I have a few Amazon Linux 2 EC2 instances that I run for personal use. Generally, I restrict "important" / remote access services to my home egress IPs, but for services that I expect to be generally available I cannot do that.
Anyone who has hosted a service on the public Internet knows that it's a matter of minutes after the service comes online before it starts being probed by all manner of scanners, exploit scripts, curious hackers, botnets, &etc. No big deal, just build secure services, right?
Naturally. But "defense in depth" dictates that if you can filter out a large percentage of these requests, you should. As doing so not only reduces the load on your service, but also reduces the likelihood of your service being tagged by some unforeseen exploit.
Enter: Maxmind's GeoIP database and the xtables-addons GeoIP filter. With the geoip module you can easily use iptables to restrict traffic to only those countries you know your service will be accessed from. Useful if you're building, say, a game server or similar for only a small group of friends and you know where they all are!
Note: I'm mostly documenting this so that I can repeat it again later without having to rediscover the dependencies / steps. No warranties, support, or promises. You are responsible for your own systems. But I thought someone else might find it useful.
- I'm using Amazon Linux 2 on EC2, but the steps are probably similar for any CentOS / RHEL based Linux distribution. If using something Debian / Ubuntu based, your package management commands will differ (e.g. apt instead of yum) but you can probably muddle through it.
- A Maxmind account with which to download the "GeoIP Countries CSV" database. For non-commercial use, the free account tier works fine for this. Of course, you have options if you want to expand from there.
2. Set up CPAN. I just took all the default options:
3. Install the required CPAN modules for the xt_geoip_build script:
4. Download and extract the latest xtables-addons build (3.18 at the time of this writing. Update the following commands for the version you download.)
# tar -xvf xtables-addons-3.18.tar.xz
# cd xtables-addons-3.18
5. Edit the "mconfig" file and comment out the modules you don't need. I commented out everything except "build_geoip=m" to build only the geoip module.
6. Build and install the selected xtables-addon modules.
7. If that went well, go into the "geoip" subdirectory under the xtables-addons build directory:
# cd geoip
8. Sign in to your Maxmind account, go to the "GeoIP Downloads" page, and find the link for the GeoLite2 Country: CSV Format database. (Note, you want the CSV format in particular.) I got this onto the server by copying the "Download ZIP Format" link and fetching it into the geoip directory with wget and extracting it:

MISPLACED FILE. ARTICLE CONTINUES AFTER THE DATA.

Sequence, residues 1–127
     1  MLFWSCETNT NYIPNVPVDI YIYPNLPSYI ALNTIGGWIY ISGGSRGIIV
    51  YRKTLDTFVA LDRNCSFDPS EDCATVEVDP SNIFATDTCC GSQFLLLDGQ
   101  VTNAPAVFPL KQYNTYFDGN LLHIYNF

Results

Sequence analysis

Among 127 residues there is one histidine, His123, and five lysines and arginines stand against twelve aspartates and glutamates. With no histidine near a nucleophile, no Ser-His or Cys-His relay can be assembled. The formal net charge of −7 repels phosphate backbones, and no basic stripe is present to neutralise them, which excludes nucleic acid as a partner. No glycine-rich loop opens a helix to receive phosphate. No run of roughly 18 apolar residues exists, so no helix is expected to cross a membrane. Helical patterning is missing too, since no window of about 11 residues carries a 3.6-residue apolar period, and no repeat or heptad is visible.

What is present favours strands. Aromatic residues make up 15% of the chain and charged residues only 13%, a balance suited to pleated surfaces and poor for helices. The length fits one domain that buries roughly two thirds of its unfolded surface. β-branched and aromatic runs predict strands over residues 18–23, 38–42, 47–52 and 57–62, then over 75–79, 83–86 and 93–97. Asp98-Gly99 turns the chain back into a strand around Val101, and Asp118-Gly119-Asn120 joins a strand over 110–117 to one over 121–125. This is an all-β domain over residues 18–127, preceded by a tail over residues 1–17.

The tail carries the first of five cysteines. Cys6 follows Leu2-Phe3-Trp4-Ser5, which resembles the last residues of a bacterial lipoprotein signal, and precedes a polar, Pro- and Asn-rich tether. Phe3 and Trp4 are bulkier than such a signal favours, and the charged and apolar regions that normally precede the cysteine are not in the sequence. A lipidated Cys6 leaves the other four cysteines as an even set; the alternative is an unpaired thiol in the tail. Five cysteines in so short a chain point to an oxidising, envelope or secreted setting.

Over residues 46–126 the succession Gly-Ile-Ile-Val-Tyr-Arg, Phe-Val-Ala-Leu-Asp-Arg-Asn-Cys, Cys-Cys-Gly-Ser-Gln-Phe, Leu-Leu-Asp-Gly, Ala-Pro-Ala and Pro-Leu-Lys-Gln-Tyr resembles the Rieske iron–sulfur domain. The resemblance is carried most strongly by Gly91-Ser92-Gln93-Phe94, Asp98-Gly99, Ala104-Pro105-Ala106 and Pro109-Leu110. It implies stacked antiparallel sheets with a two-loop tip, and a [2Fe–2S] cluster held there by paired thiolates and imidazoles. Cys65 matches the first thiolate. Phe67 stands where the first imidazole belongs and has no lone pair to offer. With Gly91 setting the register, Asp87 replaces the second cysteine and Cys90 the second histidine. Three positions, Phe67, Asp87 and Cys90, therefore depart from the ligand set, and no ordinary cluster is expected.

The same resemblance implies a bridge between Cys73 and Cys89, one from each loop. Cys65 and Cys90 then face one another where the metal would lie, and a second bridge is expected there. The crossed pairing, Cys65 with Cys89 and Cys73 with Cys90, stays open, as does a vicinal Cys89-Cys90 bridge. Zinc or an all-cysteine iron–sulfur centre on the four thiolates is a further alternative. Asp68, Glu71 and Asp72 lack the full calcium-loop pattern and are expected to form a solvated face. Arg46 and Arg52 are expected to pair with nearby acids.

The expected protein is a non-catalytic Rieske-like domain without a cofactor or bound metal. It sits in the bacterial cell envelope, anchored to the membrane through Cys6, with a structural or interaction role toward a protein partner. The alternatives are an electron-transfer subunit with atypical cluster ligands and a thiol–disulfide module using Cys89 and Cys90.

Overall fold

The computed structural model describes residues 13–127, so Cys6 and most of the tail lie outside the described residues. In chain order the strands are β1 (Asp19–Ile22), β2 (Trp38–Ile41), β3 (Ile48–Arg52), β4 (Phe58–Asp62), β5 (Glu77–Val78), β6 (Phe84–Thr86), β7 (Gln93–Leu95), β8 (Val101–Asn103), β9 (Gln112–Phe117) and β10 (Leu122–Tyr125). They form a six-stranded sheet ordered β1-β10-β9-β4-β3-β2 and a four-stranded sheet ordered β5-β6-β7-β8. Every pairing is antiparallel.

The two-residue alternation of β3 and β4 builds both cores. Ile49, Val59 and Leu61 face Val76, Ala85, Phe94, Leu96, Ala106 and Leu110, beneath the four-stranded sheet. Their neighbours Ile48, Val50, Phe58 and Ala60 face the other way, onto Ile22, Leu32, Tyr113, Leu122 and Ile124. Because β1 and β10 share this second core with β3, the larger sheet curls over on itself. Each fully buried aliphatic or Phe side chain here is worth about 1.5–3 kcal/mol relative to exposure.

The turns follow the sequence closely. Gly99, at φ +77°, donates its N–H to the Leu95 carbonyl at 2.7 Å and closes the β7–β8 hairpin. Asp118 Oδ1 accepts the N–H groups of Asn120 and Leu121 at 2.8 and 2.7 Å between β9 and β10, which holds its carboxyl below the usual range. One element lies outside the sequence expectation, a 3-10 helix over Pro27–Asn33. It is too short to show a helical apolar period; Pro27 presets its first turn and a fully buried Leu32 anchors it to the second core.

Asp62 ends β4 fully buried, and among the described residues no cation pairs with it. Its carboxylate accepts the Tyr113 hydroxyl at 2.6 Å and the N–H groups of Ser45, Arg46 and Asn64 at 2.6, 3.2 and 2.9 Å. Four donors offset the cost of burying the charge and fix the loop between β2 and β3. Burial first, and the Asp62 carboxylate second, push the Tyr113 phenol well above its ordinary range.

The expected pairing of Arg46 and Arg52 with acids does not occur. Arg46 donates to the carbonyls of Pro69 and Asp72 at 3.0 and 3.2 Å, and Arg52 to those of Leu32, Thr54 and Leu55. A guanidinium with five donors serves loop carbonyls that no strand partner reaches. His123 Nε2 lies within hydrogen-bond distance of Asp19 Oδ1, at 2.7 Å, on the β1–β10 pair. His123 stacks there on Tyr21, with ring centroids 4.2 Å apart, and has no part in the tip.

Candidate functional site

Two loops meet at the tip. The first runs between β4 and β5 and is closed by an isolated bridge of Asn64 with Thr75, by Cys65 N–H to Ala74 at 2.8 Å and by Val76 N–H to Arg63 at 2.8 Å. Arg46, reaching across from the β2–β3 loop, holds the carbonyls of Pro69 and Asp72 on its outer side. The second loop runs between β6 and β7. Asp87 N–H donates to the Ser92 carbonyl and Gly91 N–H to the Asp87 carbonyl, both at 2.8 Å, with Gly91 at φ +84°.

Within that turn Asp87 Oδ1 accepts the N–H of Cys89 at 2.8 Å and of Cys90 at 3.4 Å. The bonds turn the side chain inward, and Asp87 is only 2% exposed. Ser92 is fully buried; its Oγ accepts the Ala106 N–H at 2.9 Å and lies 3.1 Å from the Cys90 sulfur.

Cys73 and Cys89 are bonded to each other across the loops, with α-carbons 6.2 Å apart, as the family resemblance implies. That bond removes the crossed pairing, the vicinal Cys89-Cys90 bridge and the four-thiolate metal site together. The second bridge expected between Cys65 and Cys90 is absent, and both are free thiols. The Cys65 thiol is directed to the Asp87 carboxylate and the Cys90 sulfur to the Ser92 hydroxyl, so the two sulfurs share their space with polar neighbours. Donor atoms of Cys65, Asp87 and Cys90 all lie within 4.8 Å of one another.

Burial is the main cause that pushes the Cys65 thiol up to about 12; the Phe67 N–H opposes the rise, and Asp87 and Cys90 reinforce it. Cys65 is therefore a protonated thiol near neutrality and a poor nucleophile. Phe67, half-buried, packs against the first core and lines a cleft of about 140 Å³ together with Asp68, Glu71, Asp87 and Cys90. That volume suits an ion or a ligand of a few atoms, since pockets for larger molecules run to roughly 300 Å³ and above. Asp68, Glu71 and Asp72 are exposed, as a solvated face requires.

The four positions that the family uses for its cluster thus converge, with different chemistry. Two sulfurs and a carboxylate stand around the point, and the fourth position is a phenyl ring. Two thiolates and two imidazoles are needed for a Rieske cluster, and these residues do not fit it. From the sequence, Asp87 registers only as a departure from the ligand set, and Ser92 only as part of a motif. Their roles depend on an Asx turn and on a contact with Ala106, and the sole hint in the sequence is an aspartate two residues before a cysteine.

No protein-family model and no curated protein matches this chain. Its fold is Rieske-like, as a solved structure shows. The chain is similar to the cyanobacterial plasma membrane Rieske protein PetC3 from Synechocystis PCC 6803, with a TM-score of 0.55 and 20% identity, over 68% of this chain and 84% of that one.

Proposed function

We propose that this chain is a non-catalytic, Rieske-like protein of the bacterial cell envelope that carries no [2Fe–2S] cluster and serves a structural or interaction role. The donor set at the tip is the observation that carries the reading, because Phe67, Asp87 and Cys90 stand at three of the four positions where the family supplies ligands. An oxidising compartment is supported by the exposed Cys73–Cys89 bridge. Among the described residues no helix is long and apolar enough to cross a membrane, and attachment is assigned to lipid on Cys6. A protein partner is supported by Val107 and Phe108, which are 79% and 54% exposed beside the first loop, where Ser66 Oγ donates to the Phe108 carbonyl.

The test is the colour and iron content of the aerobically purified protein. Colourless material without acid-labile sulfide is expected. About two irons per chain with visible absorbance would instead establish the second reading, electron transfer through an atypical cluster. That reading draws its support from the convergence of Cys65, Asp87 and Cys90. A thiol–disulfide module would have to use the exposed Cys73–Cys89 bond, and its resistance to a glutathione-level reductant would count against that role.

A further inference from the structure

# unzip geoip_country_csv.zip
9. Now you should have a GeoLite2-Country-CSV_YYYYMMDD folder (name will vary based on the age of the database. Substitute yours for YYYYMMDD.) You need to run the "xt_geoip_build_maxmind" perl script from inside that folder, with the destination set for where the iptables module will look for the output:
# ../xt_geoip_build_maxmind -D /usr/share/xt_geoip
10. If this went well, the script should build a series of files in /usr/share/xt_geoip and then show you a table of how many addresses are allocated to each country/region. Congrats!
Using this in IPTABLES:
The iptables command to drop traffic from, say, non-US addresses is:
I maintain a "blocklist" chain specifically for things I want to drop, but put it AFTER the "RELATED,ESTABLISHED" state rules. That way I can still initiate connections to foreign services, but clients outside the US can't initiate connections to my services. An example configuration to do that looks like this:
# iptables -A INPUT -m state --state INVALID -j DROP
# iptables -A INPUT -m state --state RELATED,ESTABLISHED -j ACCEPT
# iptables -A INPUT -i lo -j ACCEPT
# iptables -A INPUT -j blocklist
# iptables -A blocklist -m geoip ! --source-country US -j DROP
You can manage these with your own script, or do "iptables-save >/etc/sysconfig/iptables" to write the configuration to the sysconfig service that sets up iptables on boot.
If this works, you should be able to do an "iptables -L -n -v" and see a count of packets that have been dropped from other countries.
Chain blocklist (1 references)
pkts bytes target prot opt in out source destination
704 40777 DROP all -- * * 0.0.0.0/0 0.0.0.0/0 -m geoip ! --source-country US
LPT: If you mess up iptables in such a way that you can't ssh into your host anymore, you can always log into the "serial console" via the AWS -> EC2 console -> Instance -> Actions -> Monitor & Troubleshoot -> Serial Console (It might make you enable it first, but that's a one step process.)
Good luck and have fun!